Dobsonian telescopes are really Newtonian design optics on a special alt-az mount popularized by John Dobson. Alt-az stands for altitude and azimuth. Altitude is up-down and azimuth is side-to-side. That describes how you move the scope.
A top end Dobsonian will cost around $300 per inch of aperture. A top end refractor will cost around $1000+ per inch of aperture. So, a five inch refractor and a fifteen inch Dobsonian cost the same. The Dobsonian by definition *includes the mount.* People who buy high end refractors have to *pay additional high costs for the right mount.*
So the Dobson is an extremely cost effective design. The Newtonian design is very effective at controlling cost, and as a matter of optics, is perfectly controlled for color aberration. The Dobson mount typically is highly leveraged, since the long tube rotates on "trunions" that are at the base of the scope. Most of the weight of the Dobson Newtonian is in the mirror.
This extremely cost effective design revolutionized amateur astronomy and made it possible for individuals to own mirrors as large as thirty or thirty five inches. Forty years ago six inches was the standard Newtonian telscope, and the person who came to a star party with a ten inch was "God."
All this said, the defect of the design is that as aperture increases the eyepiece rises from the ground, and you need a ladder. The mechanical considerations force a short focal ratio which leads to an optical aberration called COMA, a blurring of stars off axis. Dobsonian telescopes range from Chinese imports for a few hundred bucks to high end things of beauty for several thousand.
It is the same with refractors: cheap ones can be had for several hundred dollars. But as a matter of engineering you can't make a consumer refractor that is as large as a consumer Dobson. So the Dobson telescope has the advantage of APERTURE. It will bring in dimmer objects at lower cost. But as size increases various tradeoffs set in, you may need a ladder or stool to reach the eyepiece, and the mirror often takes so long to cool down at night that the heat waves compromise performance. CHEAP refractors do not use the exotic glasses and three-lensed designs that reduce color. EXPENSIVE refractors require precision lens grinding by an optical master and the use of extremely expensive, exotic glass.
Refractors have the major advantage of WIDE FIELDS, FASTER COOLDOWN, and precision optics. The high end ones are well suited for astrophotography. They almost always are used on German equatorial mounts and have tracking. The cheap refractors will show false color on bright objects (chromatic aberration) that cheap Newtonians will not have. Refractors typically require less work to keep usable: they seldom need to be collimated, which is a routine ritual for the newtonian owner.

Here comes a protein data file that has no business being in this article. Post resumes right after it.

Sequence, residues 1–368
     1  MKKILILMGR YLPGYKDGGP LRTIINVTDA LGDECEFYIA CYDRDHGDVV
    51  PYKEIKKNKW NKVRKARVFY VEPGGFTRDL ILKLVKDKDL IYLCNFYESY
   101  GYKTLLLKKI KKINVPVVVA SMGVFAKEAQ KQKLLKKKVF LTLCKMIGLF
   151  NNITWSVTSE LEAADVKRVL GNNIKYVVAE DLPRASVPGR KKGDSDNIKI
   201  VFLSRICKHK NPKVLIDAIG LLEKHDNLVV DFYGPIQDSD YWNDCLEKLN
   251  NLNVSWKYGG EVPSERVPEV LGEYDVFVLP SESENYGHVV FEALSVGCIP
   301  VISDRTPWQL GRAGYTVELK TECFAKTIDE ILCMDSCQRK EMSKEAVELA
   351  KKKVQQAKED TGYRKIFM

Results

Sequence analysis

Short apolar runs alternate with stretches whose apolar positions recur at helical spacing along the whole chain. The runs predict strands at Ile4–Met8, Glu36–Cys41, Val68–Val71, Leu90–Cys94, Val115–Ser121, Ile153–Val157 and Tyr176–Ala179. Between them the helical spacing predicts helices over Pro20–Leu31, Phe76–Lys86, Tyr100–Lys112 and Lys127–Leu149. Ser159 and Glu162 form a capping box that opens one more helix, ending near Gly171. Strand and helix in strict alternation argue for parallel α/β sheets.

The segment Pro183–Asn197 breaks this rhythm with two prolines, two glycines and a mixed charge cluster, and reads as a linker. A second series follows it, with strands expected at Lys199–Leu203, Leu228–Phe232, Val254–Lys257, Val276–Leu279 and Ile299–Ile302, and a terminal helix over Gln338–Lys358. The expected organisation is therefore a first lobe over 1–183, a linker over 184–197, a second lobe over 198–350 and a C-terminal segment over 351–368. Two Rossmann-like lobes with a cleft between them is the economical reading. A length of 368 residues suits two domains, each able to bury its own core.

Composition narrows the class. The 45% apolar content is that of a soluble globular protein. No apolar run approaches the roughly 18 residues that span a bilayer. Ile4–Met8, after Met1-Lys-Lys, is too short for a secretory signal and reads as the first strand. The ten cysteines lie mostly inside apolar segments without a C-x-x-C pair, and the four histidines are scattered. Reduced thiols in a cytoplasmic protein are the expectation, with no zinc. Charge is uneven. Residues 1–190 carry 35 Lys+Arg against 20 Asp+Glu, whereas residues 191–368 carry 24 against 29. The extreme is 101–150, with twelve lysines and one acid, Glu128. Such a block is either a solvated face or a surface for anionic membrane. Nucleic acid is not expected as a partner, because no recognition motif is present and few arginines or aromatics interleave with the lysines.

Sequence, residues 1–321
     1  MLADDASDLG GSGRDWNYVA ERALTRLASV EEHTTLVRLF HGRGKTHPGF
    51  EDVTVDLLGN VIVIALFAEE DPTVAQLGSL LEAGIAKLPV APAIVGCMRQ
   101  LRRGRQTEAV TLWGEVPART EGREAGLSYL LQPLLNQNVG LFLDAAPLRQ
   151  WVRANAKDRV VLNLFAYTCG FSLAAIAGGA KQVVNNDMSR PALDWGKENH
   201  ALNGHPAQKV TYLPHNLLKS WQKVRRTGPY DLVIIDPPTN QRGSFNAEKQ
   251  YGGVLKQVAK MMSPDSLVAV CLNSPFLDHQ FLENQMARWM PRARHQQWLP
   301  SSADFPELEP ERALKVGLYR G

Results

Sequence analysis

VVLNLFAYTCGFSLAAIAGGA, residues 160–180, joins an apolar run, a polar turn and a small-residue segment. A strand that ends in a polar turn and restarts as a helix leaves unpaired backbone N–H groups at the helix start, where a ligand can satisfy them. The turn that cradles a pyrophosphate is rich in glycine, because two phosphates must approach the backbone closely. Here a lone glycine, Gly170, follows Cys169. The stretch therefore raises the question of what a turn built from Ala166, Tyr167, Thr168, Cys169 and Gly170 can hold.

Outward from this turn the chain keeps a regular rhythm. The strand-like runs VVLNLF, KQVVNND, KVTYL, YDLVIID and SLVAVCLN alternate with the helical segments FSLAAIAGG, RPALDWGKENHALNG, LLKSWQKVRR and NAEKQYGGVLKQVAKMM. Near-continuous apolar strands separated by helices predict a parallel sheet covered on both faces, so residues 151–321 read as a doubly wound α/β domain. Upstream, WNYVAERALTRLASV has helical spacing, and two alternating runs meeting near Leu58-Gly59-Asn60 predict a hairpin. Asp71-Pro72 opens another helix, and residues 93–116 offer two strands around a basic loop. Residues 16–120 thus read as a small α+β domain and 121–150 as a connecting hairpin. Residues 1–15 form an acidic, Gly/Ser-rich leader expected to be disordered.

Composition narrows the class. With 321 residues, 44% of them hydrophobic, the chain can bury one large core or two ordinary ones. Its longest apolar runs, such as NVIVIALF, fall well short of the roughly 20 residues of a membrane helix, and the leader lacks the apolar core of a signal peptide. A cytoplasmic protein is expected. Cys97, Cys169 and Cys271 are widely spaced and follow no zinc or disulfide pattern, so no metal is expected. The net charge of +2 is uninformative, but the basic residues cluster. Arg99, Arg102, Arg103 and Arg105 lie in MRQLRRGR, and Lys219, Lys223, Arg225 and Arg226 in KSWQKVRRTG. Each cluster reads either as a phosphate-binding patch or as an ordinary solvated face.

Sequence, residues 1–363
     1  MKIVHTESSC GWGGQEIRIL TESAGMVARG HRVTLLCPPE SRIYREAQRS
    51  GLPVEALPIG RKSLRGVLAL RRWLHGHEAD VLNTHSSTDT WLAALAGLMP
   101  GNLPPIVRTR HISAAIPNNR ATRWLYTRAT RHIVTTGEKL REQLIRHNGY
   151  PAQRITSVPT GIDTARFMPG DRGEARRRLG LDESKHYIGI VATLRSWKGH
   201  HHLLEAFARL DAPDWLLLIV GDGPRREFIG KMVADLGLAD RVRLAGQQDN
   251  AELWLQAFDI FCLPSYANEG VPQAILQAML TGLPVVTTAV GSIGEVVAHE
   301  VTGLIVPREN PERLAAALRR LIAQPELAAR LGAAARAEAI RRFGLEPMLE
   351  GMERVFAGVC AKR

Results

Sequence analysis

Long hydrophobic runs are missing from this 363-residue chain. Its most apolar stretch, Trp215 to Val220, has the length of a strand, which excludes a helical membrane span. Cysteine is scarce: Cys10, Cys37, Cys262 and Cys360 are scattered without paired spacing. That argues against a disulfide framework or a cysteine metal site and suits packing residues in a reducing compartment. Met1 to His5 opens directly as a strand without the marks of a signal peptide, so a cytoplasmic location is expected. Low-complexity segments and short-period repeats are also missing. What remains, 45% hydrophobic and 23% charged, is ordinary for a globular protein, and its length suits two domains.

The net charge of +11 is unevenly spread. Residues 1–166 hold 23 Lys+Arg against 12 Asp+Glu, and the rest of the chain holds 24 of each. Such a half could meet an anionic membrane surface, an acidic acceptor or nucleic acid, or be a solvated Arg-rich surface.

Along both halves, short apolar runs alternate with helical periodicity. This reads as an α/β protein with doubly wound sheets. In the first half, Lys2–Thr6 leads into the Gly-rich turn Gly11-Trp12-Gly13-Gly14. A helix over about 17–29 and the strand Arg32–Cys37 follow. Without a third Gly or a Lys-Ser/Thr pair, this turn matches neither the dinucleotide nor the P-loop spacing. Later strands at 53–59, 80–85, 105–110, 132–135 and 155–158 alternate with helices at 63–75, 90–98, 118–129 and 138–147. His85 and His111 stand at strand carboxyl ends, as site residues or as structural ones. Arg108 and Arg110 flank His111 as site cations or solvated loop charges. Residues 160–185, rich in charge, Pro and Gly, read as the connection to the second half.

Before there were Dobson Newtonians, Newtonians were typically sold on heavy cast iron piers with German equatorial mounts (see link). The mount design limited the size of the mirror and the cost of the mount further restricted how much money could be put into the optic. The simplicity and cheapness of the Dobson wooden box mounts provided a simple way to give more stability to the Newtonian mount.
Today, among high end telescope users, one sees Newtonian telescopes on equatorial mounts only infrequently. (A lot of the cheap scopes are sold on very wobbly equatorial mounts that probably should be avoided.) The Schmidt-Cassegrains and refractor designs tend to go onto equatorial mounts.
Although the Dobson mounts can and often do have tracking, the design is not favored for astrophotography because of coma, because the leveraged eyepiece end of the scope gets wobbly with heavy equipment on it, and because tracking on an alt-az telescope fails to correct a problem called FIELD ROTATION which will cause stars to streak in long exposures.
This is as much as I can do in this short format. All of these telescopes should be thought of as "engineering solutions" which integrate such factors as optical aberrations, mount stability, cost, size of aperture, size of field of view, into one instrument. As a result the question is somewhat like asking whether a RAM Dodge pickup is better than a Lamborghini. The pickup is good for one set of applications, the Lambo for others.
Amateur astronomers love to gas on about which design is best, but the fact is that there is no unique solution to the problem of gathering light and making it available to an observer or camera. There are only plusses and minuses, costs and benfits.
If you want to know what to get for yourself, the answer is, get a 6 to 8 inch dobson from a place like Orion Telescopes for three or four hundred bucks (for example, the Orion Skyquest XT8). Or buy them at about half price on astromart (used: you will make back your $12 one-time lifetime joining fee on your first purchase). If you are in the middle age crisis zone and want to put some bucks down on really beautiful equipment that, altogether, will cost considerably less than a Porsche, then you can investigate the Takahashi TOA 130 or TEC 140 (among refractors) on an Astro-Physics GTO900 mount and the Obsession Telescopes 15" (or a 25" if you are feeling ambitious). But the cheap Chinese imported Newtonian on a Dobson style mount will show you a lot of sky, and do it a lot better (with more aperture and no color aberration) than a cheap chinese imported refractor. For any given cost, the larger aperture (diameter) is usually the way to go (except for people who are totally in love with refractors) because the scope will gather more light and show you more details on planets and more stars and galaxies in deep space.
To understand why people fall in love with refractors, you need to own one.
Hope that helps,